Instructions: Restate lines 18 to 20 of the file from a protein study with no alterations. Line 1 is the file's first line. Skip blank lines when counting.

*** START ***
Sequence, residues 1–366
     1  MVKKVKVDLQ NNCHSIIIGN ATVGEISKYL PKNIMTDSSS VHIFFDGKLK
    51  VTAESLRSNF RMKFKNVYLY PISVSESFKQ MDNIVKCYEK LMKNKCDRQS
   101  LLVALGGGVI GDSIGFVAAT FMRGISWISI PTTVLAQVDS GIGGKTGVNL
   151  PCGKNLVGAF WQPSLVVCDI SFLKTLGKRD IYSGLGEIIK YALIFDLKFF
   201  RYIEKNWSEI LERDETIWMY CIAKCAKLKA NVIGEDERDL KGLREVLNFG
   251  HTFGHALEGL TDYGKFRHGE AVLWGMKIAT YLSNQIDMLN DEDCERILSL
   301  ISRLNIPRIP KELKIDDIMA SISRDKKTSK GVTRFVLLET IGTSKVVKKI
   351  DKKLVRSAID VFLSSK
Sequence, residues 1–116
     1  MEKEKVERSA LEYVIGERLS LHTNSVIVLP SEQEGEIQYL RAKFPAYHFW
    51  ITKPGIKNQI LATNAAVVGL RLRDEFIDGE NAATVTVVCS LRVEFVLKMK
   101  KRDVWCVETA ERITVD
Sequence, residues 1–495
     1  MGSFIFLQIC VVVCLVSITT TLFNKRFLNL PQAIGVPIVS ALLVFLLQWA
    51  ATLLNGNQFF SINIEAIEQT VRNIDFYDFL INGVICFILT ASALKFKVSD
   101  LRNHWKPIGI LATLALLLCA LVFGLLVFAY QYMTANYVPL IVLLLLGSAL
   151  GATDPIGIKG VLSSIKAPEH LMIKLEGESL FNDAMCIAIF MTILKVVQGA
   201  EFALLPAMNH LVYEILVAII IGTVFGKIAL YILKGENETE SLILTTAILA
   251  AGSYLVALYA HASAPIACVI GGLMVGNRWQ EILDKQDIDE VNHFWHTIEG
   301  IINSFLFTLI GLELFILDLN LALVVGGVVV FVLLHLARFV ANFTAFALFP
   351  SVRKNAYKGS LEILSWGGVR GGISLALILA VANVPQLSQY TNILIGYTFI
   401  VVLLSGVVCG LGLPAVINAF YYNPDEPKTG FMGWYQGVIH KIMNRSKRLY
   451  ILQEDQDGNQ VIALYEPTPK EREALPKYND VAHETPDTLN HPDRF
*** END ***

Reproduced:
   151  GATDPIGIKG VLSSIKAPEH LMIKLEGESL FNDAMCIAIF MTILKVVQGA
   201  EFALLPAMNH LVYEILVAII IGTVFGKIAL YILKGENETE SLILTTAILA
   251  AGSYLVALYA HASAPIACVI GGLMVGNRWQ EILDKQDIDE VNHFWHTIEG